The morning after the Soviet invasion of Afghanistan late last December, President Carter telephoned Pakistan's president Mohammed Zia ulHaq to offer U.S. aid to draw a line against the Russians at the Afghan-Pakistani border. Zia was surprised, and surprisingly cool.

In the days and weeks that followed. Carter twice announced a high-priority program of aid to Pakistan in nationally televised addresses. National security affairs adviser Zbigniew Brzezinski reaffirmed on TV a 20-year-old U.S. commitment to defend Pakistan. And the Carter administration officially offered Pakistan $400 million in economic and military assistance.

In Isamabad, Zia publicly scorned the U.S. aid as "peanuts" and privately told Washington he wasn't interested in military assistance on such a scale. After turning back a proposed visit by Deputy Secretary of State Warren Christopher, Zia accepted a highly publicized sojourn a month later by Brzezinski and Christopher, during which he told them to proceed no further with U.S. aid without his approval. It has never come.

The spectacle of a poor, weak and threatened nation rejecting U.S. aid and alliance against the Russians in a time of trial was a shock to many Americans. The main elements of how and why this happened, according to U.S. and Pakistani sources, are fairly clear:

First, the Washington policy shift was too sharp, too fast, and without enough preparation.

In August 1977, the Carter administration cut off aid to Pakistan because it was purchasing a nuclear reprocessing plant capable of making atomic bomb material. In September 1978, the purchase deal (with the French) was squashed and aid to Pakistan restored. In April 1979, U.S. aid was cut off again because Pakistan was building its own uranium enrichment plant capable of making atomic bomb material.

Last October, two months before the Soviet invasion, Washington officials pressured Pakistan's senior foreign policy official, Agha Shahi, on the nuclear issue -- at that time the overriding concern of U.S. policy -- and listened impassively to Pakistan's alarm about Soviet activity in Afghanistan. Relations reached a low point Nov. 21, when a Pakistani mob sacked the U.S. embassy in Islambad, killing two Americans and four Pakistanis.

The sudden U.S. turnabout to a position as Pakistan's great friend and protector took place literally over the weekend following the Soviet invasion The day after his telephone call to Zia, Carter spoke of "a longstanding [U.S.] relationship of friendship and mutual support with the Pakistanis" as if existing ties were calm and stable. But to Pakistan, as Shahi would say later, it had been a dizzying series of "ups and downs." There was and is trepidation that Washington could shift again overnight.

Second, Washington's new Pakistan policy was too highly publicized, and with too much attention to U.S. needs and too little attention to Pakistani sensibilities.

One of the elements in Carter's overnight reversal was the political need at home to do something dramatic to stop the Soviets in Southwest Asia, an imperative the canny Pakistanis sensed at once.

"Pakistani rejection always was a possibility, and the higher the visibility, the greater the risk," said a U.S. diplomat with long experience in that region. But the decisions were made quickly at the very top, with little input from specialists in Pakistani affairs.

Behind the Pakistani reticence was a steady drift in recent years away from the former reliance on the United States and toward new Islamic and nonaligned credentials. The rise of Arab oil power since 1973 provided a new and nearby center of material and political support. In this context, a highly visible return to a U.S. embrace -- especially at a time of high tension between the United States and revolutionary Islamic Iran -- could endanger Pakistan's most important and reliable connections.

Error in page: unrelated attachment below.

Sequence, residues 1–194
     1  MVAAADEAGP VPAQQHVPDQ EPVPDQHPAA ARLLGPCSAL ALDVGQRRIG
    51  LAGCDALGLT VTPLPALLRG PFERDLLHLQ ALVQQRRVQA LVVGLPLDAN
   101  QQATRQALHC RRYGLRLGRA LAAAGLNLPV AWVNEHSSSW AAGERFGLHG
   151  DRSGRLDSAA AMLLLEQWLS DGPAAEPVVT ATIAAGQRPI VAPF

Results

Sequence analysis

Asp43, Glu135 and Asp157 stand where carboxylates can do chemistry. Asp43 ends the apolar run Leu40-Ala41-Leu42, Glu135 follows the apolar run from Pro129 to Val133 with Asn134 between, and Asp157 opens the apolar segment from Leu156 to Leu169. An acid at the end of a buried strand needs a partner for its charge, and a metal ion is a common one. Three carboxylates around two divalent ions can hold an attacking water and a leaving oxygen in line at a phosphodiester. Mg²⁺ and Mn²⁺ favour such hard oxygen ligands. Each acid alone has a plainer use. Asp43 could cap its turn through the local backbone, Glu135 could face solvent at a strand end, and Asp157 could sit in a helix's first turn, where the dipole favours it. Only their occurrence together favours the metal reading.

Washington, however, seemed not to understand that times had changed. It seemed to take it for granted that Pakistan would leap at the chance to return to the U.S. orbit in the image of decades past.

Third, there was too little benefit in the Washington offer, in the view of Pakistan, and too great a risk of trouble with the Soviet Union.

Initial Washington deliberations envisaged $100 million in economic aid and $100 million in military sales loans to Pakistan. After a struggle with guardians of the tight budget, the sums were doubled. Although a stenuous effort in U.S. eyes, to Pakistan the $400 million aid offer was a disappointingly small share of what was expected and needed.

The package was presented to Pakistan as predetermined and immutable in advance of any assessment of its actual defense requirements. The touchy, proud Pakistanis suspected, correctly, that major hardware such as new jet fighters would be denied in order not to upset U.S. relations with India.

To make matters worse, the total sums leaked to the press here immediately after the two sides agreed in Washington talks to keep them secret -- and before Zia was informed of the figures by his emissaries.

The Soviet reaction was cause for deep concern in Islamabad. The Russians repeatedly have charged that Pakistan is permitting or actually fostering aid to Islamic insurgents in Afghanistan, and Moscow has issued numerous private and public warnings.

To make their pressure tangible, the Soviets early this month brought Russian troops in Afghanistan right up to the poorly defended Pakistani border. The United States, in contrast, is halfway around the globe.

In recent days, Islamabad indicated it would welcome a reaffirmation of the U.S. security commitment and the supply of U.S. economic aid, even while military aid remains unacceptable. The United States, embarassed by the publicized breakdown of its once "urgent" aid plan, has expressed interest in such a split-level arrangement.

If this can be done without fanfare or further mishaps, the plan sooner or later may come to fruition.